If you’re looking for details about his sexuality, they’re in The Confession, but each time McGreevey shares any tidbit, it is immediately followed by pages of regret, remorse and excuse-proffering, as though the book is actually and purposely being directed at the political right. McGreevy does grant us a look at his first dealing with his gayness, quick forays to sex shops and adult video stores, and even how he managed to sneak out of his office under the watchful eyes of New Jersey’s finest to go over and nail Cipel periodically, but each such revelation is then weighed down with tedious passages of grief and guilt, explaining how guilty he felt, and how he actually felt revulsion after the act at times.
So what kind of a Confession is this, then? Not much of one. Aside from the obvious attempt at trying to somehow salvage what can only be described as the shattered remains of a political career, perhaps the other purpose of this leaden read is to try to raise some cash. After all, McGreevey’s second wife is in the process of divorcing him, and those lawsuits defending him against Cipel’s alleged attempts at blackmail probably weren’t cheap, either. In the end, however, I have to ask: “Who will believe you, McCreepy?”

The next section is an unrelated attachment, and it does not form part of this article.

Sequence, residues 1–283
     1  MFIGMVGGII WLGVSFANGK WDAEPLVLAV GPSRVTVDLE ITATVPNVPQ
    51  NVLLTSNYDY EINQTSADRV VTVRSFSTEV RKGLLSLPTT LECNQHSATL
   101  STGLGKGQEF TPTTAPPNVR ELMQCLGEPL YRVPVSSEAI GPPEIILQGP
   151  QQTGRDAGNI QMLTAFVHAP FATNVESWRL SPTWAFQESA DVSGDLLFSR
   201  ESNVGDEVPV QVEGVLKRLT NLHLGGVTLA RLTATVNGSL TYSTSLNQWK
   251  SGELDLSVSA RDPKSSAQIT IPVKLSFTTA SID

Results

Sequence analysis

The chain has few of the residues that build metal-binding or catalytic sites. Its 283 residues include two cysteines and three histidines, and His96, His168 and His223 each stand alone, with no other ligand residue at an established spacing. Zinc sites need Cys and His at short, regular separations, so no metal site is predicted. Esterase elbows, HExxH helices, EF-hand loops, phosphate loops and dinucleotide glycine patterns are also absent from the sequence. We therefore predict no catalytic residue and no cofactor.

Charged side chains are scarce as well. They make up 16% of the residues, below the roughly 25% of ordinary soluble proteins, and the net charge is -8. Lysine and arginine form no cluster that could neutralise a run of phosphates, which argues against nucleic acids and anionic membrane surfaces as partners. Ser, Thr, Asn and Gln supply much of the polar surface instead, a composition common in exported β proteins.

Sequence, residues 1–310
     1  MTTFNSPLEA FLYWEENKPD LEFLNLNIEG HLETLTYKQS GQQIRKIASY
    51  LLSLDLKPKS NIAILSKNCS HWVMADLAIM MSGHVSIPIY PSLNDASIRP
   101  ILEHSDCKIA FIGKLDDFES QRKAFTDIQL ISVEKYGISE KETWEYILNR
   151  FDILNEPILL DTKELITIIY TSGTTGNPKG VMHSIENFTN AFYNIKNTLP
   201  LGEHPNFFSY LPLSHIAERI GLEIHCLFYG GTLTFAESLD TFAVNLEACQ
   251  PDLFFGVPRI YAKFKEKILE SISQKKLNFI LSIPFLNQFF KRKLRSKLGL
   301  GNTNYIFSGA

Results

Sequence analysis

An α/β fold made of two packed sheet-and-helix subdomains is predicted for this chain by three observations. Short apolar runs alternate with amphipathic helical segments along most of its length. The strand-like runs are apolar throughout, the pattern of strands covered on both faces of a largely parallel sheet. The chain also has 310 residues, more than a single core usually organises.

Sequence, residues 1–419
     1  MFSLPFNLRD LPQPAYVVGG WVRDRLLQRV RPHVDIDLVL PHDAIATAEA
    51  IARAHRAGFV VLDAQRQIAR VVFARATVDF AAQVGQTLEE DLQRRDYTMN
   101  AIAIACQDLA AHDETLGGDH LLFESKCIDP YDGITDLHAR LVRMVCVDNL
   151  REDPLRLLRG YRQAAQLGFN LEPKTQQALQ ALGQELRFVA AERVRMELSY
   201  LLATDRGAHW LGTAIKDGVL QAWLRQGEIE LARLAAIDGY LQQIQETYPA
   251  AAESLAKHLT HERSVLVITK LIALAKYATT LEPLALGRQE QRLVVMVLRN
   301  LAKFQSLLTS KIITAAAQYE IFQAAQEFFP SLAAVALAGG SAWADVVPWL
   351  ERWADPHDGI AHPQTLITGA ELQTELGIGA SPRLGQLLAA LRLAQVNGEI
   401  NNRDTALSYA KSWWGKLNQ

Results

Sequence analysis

Let’s be frank, Jim: You’ve insulted the entire GLBT community, sent Democrats screaming in panic at a time when they could ill afford it, offended straight women by revealing the fact that you first bedded Cipel when your wife was recovering from the birth of your second daughter, and turned off just about everyone. Even Log Cabin Republicans probably won’t want you in their conservative little boys’ club, considering all they have to deal with right now thanks to Rep. Foley and the Cocktober Surprise. And by telling us all you’ve now entered rehab, you don’t impress anyone either, Jim...
Facit: A snoozer. Angering to annoying, leaden read with long turgid passages and pathos in the extreme which is unappealing here. Avoidance maneuvers in bookstores showcasing this tome are clearly warranted here. Advice to author: don’t bother with a sequel and if you are keeping a journal, please keep it to yourself!
Sunday, November 05, 2006Reviewer: Peter WeerenScore: hits: